Goat w/ Barney McBe's Texas Goat Sauce
For about 25 people:
- 2 goats -- 19 lbs each, head off, skin off
- banana leaves -- at least a dozen
- napa cabbage -- 4 heads, only if you don't have enough banana leaves
- fruit -- (apples, plums, onions) for stuffing ca 5 lbs, optional
- burlap -- 48" square for each goat, soaked in water
- chicken wire -- 25' x 48"
- rocks -- about 100 volcanic rocks, 6-10" in diameter
- one pit -- 5'8" x 3'6" deep x 2'6" wide
- one tarpaulin -- 8'x8', ideally canvas
- aluminum foil -- heavy duty, 12' x 4', or the equivalent
- one wire hanger
- firewood -- a hell of a lot
The goats were bought at San Pablo Poultry. They are frozen hanging, and are about 4' long. This makes it hard to carry them in a cooler, but they can be wrapped in a tarp with three bags of ice, then stuffed into a trashbag. In this way, they stayed cold for the whole drive to Hat Creek, and were still cold (not frozen) 35 hrs later when we were ready for them. They were neither dry-rubbed nor marinated.
The pit was dug with pick, shovel and sweat with labor contributed by everyone. The bottom was covered with a single layer of rocks. A fire was built on these rocks, starting at 10:00 pm Thursday night. A second fire was built out of the pit to heat additional rocks. Both fire were fed from 10:00 pm until 1:30 a.m. Friday, when they were allowed to burn down to embers.
The goats were stuffed with fruit (one with apples (cored and quartered) and onions, the other with pluots (pitted) and onions and plum sauce). They were then each wrapped in banana leaves (easier if you cut out the stiff spine), then in burlap, and finally in a piece of chickenwire 48" square. The edges were crimped shut.
The remaining chickenwire (ca 17' x 4') was creased down the long axis. Six feet in the middle of one half was covered in more banana leaves*, and the two wrapped goats were laid on this. The parcels were covered with a layer of cabbage leaves, then more banana leaves, then the long piece of chicken wire was folded over, and the long seam closed with clips made from the wire hanger. the middle six feet were wrapped in aluminum foil.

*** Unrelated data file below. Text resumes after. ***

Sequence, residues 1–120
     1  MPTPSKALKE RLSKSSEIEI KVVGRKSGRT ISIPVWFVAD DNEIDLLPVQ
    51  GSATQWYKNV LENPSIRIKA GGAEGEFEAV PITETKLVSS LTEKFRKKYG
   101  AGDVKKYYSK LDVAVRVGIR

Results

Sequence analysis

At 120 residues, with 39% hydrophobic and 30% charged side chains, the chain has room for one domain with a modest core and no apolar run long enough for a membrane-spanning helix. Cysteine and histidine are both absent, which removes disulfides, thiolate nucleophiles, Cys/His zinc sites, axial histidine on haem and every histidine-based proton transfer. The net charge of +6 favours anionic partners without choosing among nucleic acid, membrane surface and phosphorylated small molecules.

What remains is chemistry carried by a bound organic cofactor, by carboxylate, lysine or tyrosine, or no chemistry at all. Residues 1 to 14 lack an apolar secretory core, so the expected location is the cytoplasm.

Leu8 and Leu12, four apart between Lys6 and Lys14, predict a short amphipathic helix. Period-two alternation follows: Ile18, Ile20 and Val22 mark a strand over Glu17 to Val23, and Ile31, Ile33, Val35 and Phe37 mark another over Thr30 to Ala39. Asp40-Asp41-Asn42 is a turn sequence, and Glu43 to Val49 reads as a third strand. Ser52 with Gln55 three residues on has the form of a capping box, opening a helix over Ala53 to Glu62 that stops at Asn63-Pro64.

2:30 a.m. The embers were shoveled to the ends of the pit, laying bare the glowing rocks (embers nestled between them). The long chickenwire "taco" was laid on the rocks, with the ends protruding from the ends of the pit. Earth was heaped along each edge of taco, and hot stones and embers from the second fire were piled on top. Everything was then buried in a layer of earth, followed by the tarp, then more earth.
8:00p.m. Friday the top soil was removed, followed by the tarp and the second layer of soil, and the "taco" lifted out by the ends. The clips were cut away, and the parcels opened to reveal the goats perfectly cooked, still steaming and juicy. They were served on hot tortilla with grilled scallions and Scott's Goat Sauce.
Barney McBe's Texas Goat Sauce
Makes about 7 cups:
- 1/2 cup vegetable oil
- 2 onions, chopped
- 1 clove garlic, mashed
- 1 32-ounce bottle ketchup
- 3 tablespoons yellow mustard
- 2 cups black coffee
- 1 cup distilled vinegar
- 1 lemon, cut in half
- 6 tablespoons chili powder
- 3 good taps Worcestershire sauce
- Salt and pepper to taste
Heat oil over medium-low in a large saucepan. Add onions and garlic and saute until tender but not brown. Whisk together ketchup and mustard in a large bowl and add to ingredients in saucepan. Add remaining ingredients. Simmer over low heat for 1 hour. Refrigerate unused sauce up to several weeks. While this sauce is meant for goat, it has an earthy flavor (probably from the coffee) that goes nicely with beef or mutton.